Joan Zilva





Part 4

Text Box: Surely they must have known that it was thanksgiving for the first harvest after arrival - in the States, anyway. 
Text Box: I was right on both counts!
Text Box: She had but, fortunately, at that time I didn’t know the contents.
Text Box: I presume I mean that he had hoped that I’d do better. 

I’m not a militant feminist, but I was right.  That remark would not (I hope) be made nowadays,  however well intentioned it was.
Text Box: And I remember nearly falling over as a result of skidding on the ice.
Text Box: When I first discovered this letter I was horrified.  My letters make clear how grateful I was, apart from seeming to contradict some of what Mrs B said. However, on further thought I can see how difficult it was to have a stranger in the nest and I suspect that she’d had a bad day too.  The irony is that later Dave and I had much more in common.  Then he was into very “feminine” girlfriends, but married someone I am great friends with.  Then he took no interest in my Guiding but was later a Scout leader, while I have had nothing to do with Guides since I left school.  I think that my replies in my later letter of October 12th  are valid - although I didn’t know the extent of the criticisms.  My parents must have been unhappy about it.
Text Box: Having reread my letters, I’m not sure which exams she’s referring to.
Text Box: This was an unjustified implied slur on my education in England.  When I got home I had to work hard to reach a level acceptable at a British university - not the other way around.  On arrival in Canada I was well ahead of them and was still 2 years younger than the rest of the class.  My letters suggest that I may have sought too “thorough knowledge” for exams, not too superficial.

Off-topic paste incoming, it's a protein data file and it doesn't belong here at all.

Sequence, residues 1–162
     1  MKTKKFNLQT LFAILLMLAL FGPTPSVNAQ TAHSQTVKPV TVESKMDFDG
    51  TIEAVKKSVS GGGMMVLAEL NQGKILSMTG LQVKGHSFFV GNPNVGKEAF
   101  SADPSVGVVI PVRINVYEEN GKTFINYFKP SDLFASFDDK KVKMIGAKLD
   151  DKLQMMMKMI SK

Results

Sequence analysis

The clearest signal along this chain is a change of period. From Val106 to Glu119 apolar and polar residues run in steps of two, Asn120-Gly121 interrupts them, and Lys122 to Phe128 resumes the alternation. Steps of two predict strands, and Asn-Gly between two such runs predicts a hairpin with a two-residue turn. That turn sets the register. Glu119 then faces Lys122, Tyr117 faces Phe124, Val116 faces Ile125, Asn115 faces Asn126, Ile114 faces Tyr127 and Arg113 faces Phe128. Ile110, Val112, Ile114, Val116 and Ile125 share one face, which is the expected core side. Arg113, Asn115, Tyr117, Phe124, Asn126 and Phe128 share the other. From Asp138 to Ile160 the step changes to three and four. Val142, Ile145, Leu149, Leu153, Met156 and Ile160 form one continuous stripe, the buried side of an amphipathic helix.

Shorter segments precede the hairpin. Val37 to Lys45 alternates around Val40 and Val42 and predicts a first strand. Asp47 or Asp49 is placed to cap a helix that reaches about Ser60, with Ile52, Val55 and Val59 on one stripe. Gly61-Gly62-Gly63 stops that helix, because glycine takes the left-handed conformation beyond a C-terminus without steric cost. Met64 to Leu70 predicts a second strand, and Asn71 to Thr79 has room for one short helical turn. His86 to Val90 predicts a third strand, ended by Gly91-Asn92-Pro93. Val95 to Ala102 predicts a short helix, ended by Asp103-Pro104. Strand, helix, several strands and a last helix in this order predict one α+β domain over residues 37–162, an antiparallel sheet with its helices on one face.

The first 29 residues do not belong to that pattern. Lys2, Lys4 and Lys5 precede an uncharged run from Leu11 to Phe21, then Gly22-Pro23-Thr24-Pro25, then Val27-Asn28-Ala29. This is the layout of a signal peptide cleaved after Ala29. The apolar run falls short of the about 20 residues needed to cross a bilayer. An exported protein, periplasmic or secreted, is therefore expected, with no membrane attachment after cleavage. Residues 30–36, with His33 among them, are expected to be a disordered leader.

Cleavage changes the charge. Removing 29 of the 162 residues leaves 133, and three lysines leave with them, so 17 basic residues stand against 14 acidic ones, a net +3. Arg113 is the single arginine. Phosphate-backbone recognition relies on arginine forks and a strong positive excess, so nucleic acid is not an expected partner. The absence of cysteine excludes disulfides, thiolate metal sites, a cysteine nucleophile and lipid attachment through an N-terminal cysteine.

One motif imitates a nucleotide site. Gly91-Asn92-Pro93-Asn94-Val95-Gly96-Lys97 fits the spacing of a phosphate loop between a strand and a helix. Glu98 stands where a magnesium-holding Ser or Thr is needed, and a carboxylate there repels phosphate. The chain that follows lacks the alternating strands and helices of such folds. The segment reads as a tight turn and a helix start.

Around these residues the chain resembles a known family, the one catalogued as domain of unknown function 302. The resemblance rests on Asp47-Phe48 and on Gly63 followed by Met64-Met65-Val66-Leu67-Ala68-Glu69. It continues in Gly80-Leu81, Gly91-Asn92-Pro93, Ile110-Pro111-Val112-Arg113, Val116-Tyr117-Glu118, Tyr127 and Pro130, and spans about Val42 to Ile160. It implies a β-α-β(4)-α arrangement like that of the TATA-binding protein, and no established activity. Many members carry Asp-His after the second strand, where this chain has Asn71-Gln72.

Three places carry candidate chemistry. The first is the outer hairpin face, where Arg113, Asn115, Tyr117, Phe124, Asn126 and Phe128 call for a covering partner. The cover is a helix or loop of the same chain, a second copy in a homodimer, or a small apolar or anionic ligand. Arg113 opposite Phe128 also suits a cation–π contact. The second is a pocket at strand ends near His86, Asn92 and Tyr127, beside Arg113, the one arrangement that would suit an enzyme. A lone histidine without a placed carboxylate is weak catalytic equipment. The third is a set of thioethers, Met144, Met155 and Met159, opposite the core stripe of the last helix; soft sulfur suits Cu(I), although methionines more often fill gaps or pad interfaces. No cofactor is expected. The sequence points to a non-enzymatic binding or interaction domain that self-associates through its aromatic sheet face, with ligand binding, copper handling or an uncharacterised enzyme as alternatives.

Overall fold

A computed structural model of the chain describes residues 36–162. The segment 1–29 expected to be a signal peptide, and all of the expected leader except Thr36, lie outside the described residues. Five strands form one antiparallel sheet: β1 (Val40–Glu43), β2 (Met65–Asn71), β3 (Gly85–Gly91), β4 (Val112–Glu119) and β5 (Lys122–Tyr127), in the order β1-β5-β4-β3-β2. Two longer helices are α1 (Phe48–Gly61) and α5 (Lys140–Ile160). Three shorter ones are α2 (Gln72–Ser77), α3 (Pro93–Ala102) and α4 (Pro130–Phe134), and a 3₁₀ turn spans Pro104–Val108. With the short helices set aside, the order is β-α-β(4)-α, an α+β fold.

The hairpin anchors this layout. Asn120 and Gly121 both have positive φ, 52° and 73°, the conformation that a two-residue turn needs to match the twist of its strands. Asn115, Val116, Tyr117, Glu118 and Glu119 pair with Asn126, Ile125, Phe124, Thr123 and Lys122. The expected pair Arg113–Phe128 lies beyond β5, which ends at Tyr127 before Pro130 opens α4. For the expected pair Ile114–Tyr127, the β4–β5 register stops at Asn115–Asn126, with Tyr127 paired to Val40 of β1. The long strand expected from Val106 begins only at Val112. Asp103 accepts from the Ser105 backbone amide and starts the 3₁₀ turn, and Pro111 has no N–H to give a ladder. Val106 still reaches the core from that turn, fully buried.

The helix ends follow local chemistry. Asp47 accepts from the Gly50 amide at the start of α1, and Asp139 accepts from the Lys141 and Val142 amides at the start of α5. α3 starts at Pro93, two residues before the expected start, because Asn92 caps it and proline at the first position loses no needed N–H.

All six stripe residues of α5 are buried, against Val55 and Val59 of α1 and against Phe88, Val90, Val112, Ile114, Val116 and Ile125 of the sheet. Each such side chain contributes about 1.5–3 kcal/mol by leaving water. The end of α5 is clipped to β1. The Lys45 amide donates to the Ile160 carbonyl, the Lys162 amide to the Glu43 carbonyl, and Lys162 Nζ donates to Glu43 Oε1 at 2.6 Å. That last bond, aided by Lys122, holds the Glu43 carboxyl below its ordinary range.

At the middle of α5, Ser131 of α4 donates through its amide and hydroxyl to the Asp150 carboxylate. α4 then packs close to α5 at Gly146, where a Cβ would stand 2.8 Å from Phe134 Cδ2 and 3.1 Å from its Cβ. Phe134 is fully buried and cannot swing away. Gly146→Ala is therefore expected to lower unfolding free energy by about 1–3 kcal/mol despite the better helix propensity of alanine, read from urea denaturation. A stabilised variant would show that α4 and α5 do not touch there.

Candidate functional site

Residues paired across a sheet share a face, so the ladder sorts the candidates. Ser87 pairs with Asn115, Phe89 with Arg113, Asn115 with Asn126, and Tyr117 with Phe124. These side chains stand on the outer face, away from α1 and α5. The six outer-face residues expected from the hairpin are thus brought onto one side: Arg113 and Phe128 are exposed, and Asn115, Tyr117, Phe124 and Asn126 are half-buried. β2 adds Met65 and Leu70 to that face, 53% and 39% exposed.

I don’t think it was carelessness in exams (I’m usually considered obsessional).  Nobody has ever understood why I always  underperform in them, but I am not good at parroting facts and prefer to work things out.  Anyway, looking at it now, I didn’t do so badly then or in later life.  I had set myself very high goals.
I never have been, nor will be,  great at housework, but this, too, was a bit unfair.  Neither Dave (because he was a boy) nor Rosemary (because she was too young) were expected to help much.
So I was the problem at the Hays!  Nobody cottoned on.
Text Box: It’s true that I have always been reserved - partly due to my shyness and upbringing - although I have now learnt to hide it.  At home I was teased because, if asked what I had done when I had been out I said “lots of things”.  However I think that this was a bit unfair.

Text Box: My letters, and my later relationship with “the children” make this seem unlikely.  Betty (Dave’s wife) has told me that she never heard any criticism of me, although she thought that they found it difficult to understand me.  (She didn’t meet Dave until after Mrs B’s death). As teenagers go these days I was not a big problem - but that’s no excuse!  Dave and I seem to have got on pretty well although then we led different lives.  Now we have similar interests.
Text Box: We did have different ideas about clothes.  Partly I was rebelling about the Canadian girls’ obsession with them and with make-up, but also Mrs B liked frilly things.  I remember arriving back in England in something she had kindly bought  me for the occasion: my parents couldn’t wait until I got into something less fussy.
Text Box: This is very true.  It was the most difficult age for me to adapt .
Text Box: Not entirely true.  I had to make big adjustments when I got home too.
Text Box: 9 pm?
Text Box: These were a set of Aububon prints, some of which still hang on my walls.